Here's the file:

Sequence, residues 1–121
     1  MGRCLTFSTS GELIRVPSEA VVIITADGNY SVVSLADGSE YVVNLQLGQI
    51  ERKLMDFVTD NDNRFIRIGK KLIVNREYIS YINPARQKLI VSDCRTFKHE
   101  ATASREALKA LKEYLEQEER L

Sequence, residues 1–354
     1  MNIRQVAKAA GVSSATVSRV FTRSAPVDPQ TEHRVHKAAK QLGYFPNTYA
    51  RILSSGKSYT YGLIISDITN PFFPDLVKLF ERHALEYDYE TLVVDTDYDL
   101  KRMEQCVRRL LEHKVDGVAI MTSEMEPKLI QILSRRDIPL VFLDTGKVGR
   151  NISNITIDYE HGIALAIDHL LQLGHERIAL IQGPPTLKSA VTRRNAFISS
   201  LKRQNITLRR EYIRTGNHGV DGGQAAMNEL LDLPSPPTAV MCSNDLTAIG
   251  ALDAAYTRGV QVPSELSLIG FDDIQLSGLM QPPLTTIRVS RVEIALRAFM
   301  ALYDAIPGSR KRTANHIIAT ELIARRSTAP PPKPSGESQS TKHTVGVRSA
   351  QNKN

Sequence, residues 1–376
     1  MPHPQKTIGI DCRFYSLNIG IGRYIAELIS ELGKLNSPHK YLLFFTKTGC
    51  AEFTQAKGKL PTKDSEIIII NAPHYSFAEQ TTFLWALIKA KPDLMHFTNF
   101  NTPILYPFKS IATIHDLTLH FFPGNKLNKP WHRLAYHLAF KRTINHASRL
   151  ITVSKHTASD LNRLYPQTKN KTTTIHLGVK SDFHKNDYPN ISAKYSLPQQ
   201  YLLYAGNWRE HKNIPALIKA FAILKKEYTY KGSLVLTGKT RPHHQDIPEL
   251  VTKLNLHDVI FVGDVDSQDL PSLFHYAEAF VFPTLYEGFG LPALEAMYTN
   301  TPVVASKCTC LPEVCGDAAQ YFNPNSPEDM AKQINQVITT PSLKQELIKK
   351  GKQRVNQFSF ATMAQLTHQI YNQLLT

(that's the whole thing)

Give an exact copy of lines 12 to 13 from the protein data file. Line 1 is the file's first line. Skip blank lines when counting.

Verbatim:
   301  ALYDAIPGSR KRTANHIIAT ELIARRSTAP PPKPSGESQS TKHTVGVRSA
   351  QNKN